DP5-V radiometer

Who isn’t familiar with the DP5-V? This radiometer is incredibly widespread across all former Soviet countries. An unspecified number of units have been produced, and to this day, I have never managed to find two that are identical, assembled in the same way and with the same components, except for the SBM20 tube and the Si3 present in the probe.

DP5-V carry/store box and kit

The standard kit accompanying the DP5-V radiometer typically includes the main unit itself, a probe with the SBM20 Geiger-Müller tube and Si3 for detecting beta and gamma radiation, a leather carrying case, headphones for audio indication of radiation levels, and sometimes a calibration certificate or source. Additionally, it usually comes with a set of cables for connecting the probe and headphones to the main unit, and in some cases, a screwdriver for adjustments or maintenance.

DP5-V measuring its own Sr90 source. Reading is 12mR/h

The device itself is extremely simple: it is designed for detecting and measuring radiation levels, featuring a straightforward interface with knobs for turning the device on and off and setting the detection threshold. It operates on a principle where the detected radiation is converted into audible clicks through the headphones or visible readings on its analog scale, providing a direct and immediate indication of the radiation intensity.

This is what you can see inside of the probe

On the back, two tyristor acts as pulse conditioning system

This particular version of the DP5-V was shipped to me from Lithuania. However, it had a problem: it wouldn’t turn on! Not even the battery charge indicator was working! Upon opening the device, I was able to trace the cause of the malfunction with the help of the electrical diagram found in its manual. Click to download: дп-5в. It was a through-rivet connecting the positive pole of the battery pack to a soldering eyelet from where the entire device was powered.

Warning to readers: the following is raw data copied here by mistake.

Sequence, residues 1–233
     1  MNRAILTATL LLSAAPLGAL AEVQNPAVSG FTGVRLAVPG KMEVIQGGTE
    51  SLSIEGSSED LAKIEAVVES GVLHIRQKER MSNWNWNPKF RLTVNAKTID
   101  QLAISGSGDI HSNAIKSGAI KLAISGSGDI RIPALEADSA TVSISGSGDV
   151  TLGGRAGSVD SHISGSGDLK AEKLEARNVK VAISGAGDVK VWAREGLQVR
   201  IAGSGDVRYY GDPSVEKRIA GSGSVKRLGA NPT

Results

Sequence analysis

The fault

For some strange reason, the eyelet was unable to make good contact with the rivet, preventing the electric current from passing through. The solution was simple: I soldered the rivet and eyelet together.

Regarding this version of the DP5-V, there’s an additional peculiarity: the “B-8” calibration source, originally containing 200kBq of Sr-90 (and now about 83kBq), is not located on the inner front of the leather case but rather in a rotating metal ring around the body of the probe. This design allows it to be used when necessary but always covered and inaccessible to the operator. The B-8 source is crucial for ensuring the accuracy of the radiometer by allowing periodic calibration checks against a known radiation standard, ensuring the device remains reliable and precise in its measurements over time.

First generation of DP5 probes have no Sr-90 source. The check source is fixed inside of the leather carry bag frontal panel.

The “DP5-V” version of probe have the Sr90 source inside of a steel ring.

Steel ring with spring system and Sr90 source

The Sr90 source. It is sealed under epoxy resin.

This combination of simplicity, reliability, and ingenious design features like the rotating B-8 source ring makes the DP5-V an interesting subject not only for enthusiasts of vintage electronics but also for professionals interested in the history and development of radiometric equipment.